Sunday, December 29, 2013

The Book Report Game: Can You Relate?

I recently took my students to see the play Charlie Brown Christmas performed by a local group in our area and was in stitches when they performed this scene:

I found myself making so many connections while I watched, especially with Lucy and her word counting strategy. Oh, how I hated the dreaded book report! I loved to read, but the book report was a necessary evil that I sometimes had to bear. 

I also started thinking about my own students and even my son. I looked around and noticed they didn't quite get it in the same way I did, and it's because they never write book reports. We use AR instead. So I began wondering how this particular scene would have gone if AR tests were substituted instead of a 100 word book report. 

DISCLAIMER: Before you read any further, please note that I am NOT against the Accelerated Reader program, or even the occasional book report. I'm not someone trying to ban any reward program from schools or classrooms. I believe that both can be used successfully in the hands of a skillful, thoughtful, and careful teacher/administrator. I'm just someone who really wonders what IS the best way to motivate readers, while still holding them to a level of accountability? I'm also not trying to overgeneralize. Many of my students love to read and actually love AR and challenge themselves with their own goals. I'm talking primarily about the hard-to-reach readers. 

With that said, I started thinking of all the ways that some students play the AR game (much like the Peanuts gang and our generation did with book reports).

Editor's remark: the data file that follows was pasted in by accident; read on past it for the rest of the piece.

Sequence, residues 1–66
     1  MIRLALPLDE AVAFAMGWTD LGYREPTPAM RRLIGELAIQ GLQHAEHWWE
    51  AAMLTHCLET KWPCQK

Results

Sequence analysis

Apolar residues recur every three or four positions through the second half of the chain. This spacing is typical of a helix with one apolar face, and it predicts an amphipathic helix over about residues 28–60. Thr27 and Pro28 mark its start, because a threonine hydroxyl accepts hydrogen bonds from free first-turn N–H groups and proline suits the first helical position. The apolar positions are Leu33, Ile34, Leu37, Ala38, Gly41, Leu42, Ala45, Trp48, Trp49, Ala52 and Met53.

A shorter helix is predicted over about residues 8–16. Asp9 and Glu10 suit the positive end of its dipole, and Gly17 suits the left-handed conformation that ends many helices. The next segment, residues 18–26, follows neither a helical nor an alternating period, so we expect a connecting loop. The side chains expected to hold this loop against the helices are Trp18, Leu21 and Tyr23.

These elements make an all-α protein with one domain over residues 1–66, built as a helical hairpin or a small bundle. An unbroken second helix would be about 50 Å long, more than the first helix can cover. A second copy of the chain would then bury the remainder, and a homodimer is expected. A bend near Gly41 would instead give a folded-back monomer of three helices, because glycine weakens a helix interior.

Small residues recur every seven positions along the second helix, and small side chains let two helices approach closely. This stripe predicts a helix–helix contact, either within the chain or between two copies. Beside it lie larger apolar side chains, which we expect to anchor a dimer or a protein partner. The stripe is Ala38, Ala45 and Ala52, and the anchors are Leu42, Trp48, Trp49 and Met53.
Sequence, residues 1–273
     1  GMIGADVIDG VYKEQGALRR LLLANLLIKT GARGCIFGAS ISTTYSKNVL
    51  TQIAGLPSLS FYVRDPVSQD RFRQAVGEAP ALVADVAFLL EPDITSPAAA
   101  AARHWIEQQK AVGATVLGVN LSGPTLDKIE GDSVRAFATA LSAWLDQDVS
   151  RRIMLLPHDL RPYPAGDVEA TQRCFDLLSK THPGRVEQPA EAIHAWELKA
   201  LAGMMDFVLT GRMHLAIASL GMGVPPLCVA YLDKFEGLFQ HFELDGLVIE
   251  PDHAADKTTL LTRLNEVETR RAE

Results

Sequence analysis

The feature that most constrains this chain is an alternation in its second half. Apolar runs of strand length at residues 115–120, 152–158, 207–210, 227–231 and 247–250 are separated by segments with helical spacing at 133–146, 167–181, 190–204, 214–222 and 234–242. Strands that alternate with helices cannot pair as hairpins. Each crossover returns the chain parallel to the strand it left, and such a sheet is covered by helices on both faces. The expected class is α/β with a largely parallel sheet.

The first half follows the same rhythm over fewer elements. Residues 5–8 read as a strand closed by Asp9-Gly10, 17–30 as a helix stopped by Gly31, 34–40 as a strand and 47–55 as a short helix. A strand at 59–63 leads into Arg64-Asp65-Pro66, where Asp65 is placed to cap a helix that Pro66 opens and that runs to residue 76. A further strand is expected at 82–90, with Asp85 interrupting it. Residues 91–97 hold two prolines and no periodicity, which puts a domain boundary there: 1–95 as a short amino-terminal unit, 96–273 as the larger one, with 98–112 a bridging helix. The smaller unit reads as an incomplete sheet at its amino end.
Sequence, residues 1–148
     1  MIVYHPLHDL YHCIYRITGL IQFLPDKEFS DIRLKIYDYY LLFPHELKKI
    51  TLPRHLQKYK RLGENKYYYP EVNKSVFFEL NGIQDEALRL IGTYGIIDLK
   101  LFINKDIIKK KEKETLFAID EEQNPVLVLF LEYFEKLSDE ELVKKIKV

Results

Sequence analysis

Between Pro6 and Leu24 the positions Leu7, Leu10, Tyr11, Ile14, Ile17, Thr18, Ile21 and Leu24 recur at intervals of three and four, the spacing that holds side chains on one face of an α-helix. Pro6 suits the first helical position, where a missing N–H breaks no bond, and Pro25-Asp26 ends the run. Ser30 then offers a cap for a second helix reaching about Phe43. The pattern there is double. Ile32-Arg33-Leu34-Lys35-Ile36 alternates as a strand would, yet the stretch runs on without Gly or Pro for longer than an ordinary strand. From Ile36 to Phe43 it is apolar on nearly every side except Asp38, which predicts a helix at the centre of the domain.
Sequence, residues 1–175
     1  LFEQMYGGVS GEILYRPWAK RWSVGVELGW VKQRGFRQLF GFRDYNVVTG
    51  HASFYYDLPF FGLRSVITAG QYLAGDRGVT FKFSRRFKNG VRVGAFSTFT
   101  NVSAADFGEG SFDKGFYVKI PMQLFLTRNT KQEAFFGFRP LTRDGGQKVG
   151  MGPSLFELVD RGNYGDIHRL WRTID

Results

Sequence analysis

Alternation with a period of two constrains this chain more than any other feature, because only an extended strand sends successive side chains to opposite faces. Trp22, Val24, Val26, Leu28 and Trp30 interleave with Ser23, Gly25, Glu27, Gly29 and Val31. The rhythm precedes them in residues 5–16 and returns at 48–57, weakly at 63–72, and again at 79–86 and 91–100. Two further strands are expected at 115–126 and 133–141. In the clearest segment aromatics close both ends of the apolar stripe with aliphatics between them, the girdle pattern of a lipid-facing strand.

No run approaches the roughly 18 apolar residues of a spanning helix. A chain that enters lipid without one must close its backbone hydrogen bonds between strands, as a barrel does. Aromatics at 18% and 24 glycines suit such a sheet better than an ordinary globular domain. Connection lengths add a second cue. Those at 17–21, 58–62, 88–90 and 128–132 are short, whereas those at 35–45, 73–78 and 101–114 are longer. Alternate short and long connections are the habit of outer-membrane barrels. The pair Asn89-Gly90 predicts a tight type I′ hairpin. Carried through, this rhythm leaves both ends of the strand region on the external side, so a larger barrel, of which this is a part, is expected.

I imagine they might think or say something like this:

Lucy: 1, 2, 3, 4, 5, 6, more half point books until I reach my AR goal. Oops I made an 80, now I'll have to read three more to get my average back up!

Charlie Brown: I'm reading all my books, but never seem to have the time to take the tests. I work better under pressure, so maybe I'll just take all my tests at once.

Linus: Oh no! That book I read was way below my level! There aren't any books in the library on my level. Can I take a test on it anyway? 

Schroeder: I read a book by the same author (or watched the movie), so maybe I can try an AR test on this book and see how I do.

If someone rewrote the scene to include some of those lines, I think many students would make more connections. And that makes me sad because I haven't quite got the answer to the question at the heart of the issue:

How do you instill a love of reading, and yet ensure that students actually ARE reading? Can inspiration and accountability co-exist? I think the answer is yes, but I'm not 100% sure I know how to do it effectively with every child. 

Perhaps it's time to pull out The Book Whisperer again and reread it!

Comments? Connections? Suggestions? 


  1. Loved hearing your thoughts about reading accountability co-existing with trying to foster a love for reading.

    One of my 6th graders said that last year when they were required to take AR tests, that a lot of times they just read the back of the book and still passed. So while we are playing the accountability game they are, too.

    I wish we had the answer to this. Along with the answer to A LOT of other educational issues. LOL!

    Although I haven't done a jam up job this year with student conferences, I do know that from the ones I've done-I KNOW if the child is reading or not. JUST by talking with them.

    Which is a big reminder to me that I need to be talking with my students EVERY week about their reading and thinking. :)




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